Writing Teresa: The Saint from Avila at the fin-de-siglo by Denise DupontWriting Teresa: The Saint from Avila at the fin-de-siglo by Denise Dupont

Writing Teresa: The Saint from Avila at the fin-de-siglo

byDenise Dupont

Hardcover | December 16, 2011

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Writing Teresa: The Saint from Ávila at the fin-de-siglo examines the Teresa de Jesús "boom" of roughly 1880-1930 and offers an in-depth study of five major Spanish participants in the turn-of-the-twentieth-century explosion of literary treatments of St. Teresa. This historical period's interest in the Saint from Ávila relates to popularization and nationalization of aspects of Catholicism, technological advances, a modernist fascination with saintly heroes, the search for new Spanish identities, and the evolving role of women writers and intellectuals. Teresa was mysticism in its historical context, energy in a time of doubt, the possibility of reconciling science and spirituality, a new vision for writing, and a maternal figure linked to the religion of the past for those who had lost the faith of their childhood.
Denise DuPont is associate professor of Spanish at Southern Methodist University.
Title:Writing Teresa: The Saint from Avila at the fin-de-sigloFormat:HardcoverDimensions:341 pages, 9.41 × 6.38 × 0.99 inPublished:December 16, 2011Publisher:Bucknell University PressLanguage:English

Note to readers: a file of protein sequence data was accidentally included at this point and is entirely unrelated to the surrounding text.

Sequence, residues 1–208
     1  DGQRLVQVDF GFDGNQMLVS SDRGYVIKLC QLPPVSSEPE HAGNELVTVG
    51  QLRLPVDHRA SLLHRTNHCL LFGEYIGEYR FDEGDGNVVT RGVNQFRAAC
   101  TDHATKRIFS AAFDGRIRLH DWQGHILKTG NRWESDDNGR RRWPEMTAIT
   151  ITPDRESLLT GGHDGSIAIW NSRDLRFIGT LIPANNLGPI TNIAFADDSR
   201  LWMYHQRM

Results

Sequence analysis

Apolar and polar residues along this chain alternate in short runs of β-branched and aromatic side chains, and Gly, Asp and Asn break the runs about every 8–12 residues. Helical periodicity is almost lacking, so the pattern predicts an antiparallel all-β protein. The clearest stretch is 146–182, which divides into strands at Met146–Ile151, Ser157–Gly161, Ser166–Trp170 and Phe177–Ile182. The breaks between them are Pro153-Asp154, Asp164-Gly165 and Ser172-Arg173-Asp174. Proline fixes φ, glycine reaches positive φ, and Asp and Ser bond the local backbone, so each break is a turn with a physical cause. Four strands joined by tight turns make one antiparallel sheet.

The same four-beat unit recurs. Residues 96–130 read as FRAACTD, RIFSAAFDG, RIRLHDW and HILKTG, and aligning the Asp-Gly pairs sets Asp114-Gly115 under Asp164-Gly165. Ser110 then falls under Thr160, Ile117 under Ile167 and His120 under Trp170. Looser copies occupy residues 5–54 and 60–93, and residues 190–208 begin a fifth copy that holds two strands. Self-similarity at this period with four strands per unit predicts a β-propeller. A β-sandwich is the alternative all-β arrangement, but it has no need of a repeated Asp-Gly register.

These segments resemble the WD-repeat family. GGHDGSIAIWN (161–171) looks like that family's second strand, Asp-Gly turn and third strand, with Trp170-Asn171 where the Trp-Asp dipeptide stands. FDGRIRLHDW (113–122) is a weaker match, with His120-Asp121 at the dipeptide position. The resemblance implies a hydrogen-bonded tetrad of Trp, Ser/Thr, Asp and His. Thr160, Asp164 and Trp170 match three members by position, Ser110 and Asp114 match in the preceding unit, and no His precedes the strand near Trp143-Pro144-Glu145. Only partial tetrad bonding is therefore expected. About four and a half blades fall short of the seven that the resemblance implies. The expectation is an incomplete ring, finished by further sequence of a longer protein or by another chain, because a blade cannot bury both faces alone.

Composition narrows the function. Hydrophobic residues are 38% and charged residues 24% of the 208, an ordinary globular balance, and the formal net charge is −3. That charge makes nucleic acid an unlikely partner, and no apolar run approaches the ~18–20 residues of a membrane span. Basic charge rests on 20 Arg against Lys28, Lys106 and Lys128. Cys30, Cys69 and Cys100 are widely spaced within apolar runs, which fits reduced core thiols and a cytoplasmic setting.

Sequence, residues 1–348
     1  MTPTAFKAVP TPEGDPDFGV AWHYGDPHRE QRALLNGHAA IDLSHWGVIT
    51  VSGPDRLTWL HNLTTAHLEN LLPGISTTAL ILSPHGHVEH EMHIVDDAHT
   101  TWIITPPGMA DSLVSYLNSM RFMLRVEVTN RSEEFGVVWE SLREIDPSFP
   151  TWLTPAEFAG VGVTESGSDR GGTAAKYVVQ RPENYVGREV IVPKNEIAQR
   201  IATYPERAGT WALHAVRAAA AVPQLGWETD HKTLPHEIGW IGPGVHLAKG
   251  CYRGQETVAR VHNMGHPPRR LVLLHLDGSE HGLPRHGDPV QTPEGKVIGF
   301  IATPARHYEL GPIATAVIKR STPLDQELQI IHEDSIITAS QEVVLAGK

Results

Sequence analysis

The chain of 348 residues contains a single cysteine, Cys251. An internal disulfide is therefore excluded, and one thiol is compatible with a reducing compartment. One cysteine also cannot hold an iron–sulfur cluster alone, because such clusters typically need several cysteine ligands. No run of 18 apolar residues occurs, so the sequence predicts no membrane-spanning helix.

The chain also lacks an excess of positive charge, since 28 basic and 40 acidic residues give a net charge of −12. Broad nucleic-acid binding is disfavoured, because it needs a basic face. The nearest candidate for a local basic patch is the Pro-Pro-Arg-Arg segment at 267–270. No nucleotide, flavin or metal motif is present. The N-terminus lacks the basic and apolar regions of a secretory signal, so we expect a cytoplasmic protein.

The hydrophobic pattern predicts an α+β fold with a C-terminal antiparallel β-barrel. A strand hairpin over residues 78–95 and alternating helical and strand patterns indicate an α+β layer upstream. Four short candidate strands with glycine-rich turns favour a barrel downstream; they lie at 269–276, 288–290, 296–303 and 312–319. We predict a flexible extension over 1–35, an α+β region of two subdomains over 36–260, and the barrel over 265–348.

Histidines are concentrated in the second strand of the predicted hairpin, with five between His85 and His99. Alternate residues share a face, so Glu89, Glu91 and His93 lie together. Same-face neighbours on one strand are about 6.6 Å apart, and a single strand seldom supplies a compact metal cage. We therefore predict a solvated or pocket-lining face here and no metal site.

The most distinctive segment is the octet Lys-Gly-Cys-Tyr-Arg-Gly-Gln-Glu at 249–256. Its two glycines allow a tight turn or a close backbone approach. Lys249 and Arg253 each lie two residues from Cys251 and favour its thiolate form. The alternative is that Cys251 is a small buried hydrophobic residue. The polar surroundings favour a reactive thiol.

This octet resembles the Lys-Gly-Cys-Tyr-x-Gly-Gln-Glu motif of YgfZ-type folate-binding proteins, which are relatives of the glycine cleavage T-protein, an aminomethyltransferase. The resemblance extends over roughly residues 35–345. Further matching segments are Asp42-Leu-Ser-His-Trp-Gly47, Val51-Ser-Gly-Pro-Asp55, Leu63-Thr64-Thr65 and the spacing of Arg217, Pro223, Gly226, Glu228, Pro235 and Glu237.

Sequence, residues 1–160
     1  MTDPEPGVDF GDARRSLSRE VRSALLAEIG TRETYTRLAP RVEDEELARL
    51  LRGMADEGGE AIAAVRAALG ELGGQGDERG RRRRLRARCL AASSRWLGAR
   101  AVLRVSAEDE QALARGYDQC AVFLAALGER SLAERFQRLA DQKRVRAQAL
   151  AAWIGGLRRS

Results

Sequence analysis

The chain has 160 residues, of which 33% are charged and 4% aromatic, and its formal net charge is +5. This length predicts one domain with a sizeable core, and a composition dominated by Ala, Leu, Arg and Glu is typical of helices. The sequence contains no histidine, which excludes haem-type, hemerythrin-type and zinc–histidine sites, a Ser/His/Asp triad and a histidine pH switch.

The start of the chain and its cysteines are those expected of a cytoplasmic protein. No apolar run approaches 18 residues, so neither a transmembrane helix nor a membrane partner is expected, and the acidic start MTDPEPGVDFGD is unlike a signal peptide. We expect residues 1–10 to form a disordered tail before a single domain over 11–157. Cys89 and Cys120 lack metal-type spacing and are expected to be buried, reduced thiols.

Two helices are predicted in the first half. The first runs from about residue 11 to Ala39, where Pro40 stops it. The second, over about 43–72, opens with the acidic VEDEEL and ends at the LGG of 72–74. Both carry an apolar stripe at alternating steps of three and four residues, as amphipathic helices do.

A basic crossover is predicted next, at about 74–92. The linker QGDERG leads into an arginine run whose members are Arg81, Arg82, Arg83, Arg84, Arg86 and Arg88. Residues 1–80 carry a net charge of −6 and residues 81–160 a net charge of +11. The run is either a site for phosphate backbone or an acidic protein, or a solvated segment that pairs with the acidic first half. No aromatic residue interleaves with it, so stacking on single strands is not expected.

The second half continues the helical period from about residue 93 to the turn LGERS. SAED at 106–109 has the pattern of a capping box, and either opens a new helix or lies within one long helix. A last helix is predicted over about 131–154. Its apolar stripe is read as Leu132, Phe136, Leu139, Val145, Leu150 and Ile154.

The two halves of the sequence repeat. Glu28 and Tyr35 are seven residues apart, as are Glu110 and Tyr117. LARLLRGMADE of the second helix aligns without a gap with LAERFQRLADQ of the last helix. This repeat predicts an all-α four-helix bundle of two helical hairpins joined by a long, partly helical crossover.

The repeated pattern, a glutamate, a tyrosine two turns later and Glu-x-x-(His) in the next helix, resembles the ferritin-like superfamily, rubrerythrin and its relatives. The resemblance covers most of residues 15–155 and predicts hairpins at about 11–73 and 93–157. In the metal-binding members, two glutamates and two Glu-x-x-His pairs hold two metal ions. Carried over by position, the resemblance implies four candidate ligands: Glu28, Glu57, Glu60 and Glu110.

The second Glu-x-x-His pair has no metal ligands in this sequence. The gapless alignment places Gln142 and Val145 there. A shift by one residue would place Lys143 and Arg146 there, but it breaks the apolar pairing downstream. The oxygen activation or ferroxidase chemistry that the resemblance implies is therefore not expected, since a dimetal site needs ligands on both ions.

The following ISBNs are associated with this title:

ISBN - 10:1611484065

ISBN - 13:9781611484069


Table of Contents

AcknowledgmentsIntroduction. An Hour with Teresa: The Saint and Her Interpreters Science, Mysticism, Spiritualism, and the FeminineCatholicism in Nineteenth-Century Spain: Teresa as Popular Holy MotherNationalizing Teresa: The Third Centennial, and Political DivisionsCreating National Culture: The Role of ScholarsFin-de-siglo Exploration of Spanish Identity: The Saintly Hero in LiteratureTeresa in Turn-of-the-Century Spain: Male and Female PerspectivesStories of Teresa in Clarín, Pardo Bazán, Unamuno, Azorín, and Blanca de los RíosAn Hour with Teresa (1880-1930) Chapter One. Clarín's Teresa: the faith of the motherTeresa: national pathology or national project?Clarín as critic: On Marcelino Menéndez Pelayo and Benito Pérez GaldósLa Regenta: Female Affliction and Male Desire Mothers, Nuns, and supercheríasSaintly Pairs: Salvation for Clarín and the Nation Chapter Two. Emilia Pardo Bazán and Teresa de Jesús, in public and privateFranciscanism, Mysticism and the Heroic Woman WriterA Model for Women: Teresa on the National StageSainthood and Superiority: La Quimera and Dulce DueñoPostscript: Teresa and the Return to Community Chapter Three. Unamuno and the Agony of TeresaEn torno al casticismo: Teresa's Interior CastlesVida de Don Quijote y Sancho: Divine QuijotessDel sentimiento trágico de la vida: The Agonies of Teresa as Super-SelfLa tía Tula: Teresa and Her FamilyUnamuno, Poet: A Lyrics of TeresaAdditional Agony, and Dreams of LibertyChapter Four. Heroism and Humility: Azorín Writes TeresaThe Early Years, and the Unbearable Whiteness of the Eternal FeminineThe Past is not Present: Teresa's Inaccessibility and the Author's DoubtsBringing the Classics to LifeAuthority and Intervention: Rescuing TeresaFictions and Fantasies of Teresa's Savior and Disciple"La humildad es la verdad": Final Lessons from Teresa Chapter Five. Blanca de los Ríos: Teresa as Mother of TraditionThe Women of Tirso: Teresa in Gabriel TéllezTeresa as Hero: Linguistic Maternity and the Woman's PenAddressing Women: Teresa in Blanca de los Ríos's PresentA Teresa for the Future Conclusion. Public and Private TeresasWorks Cited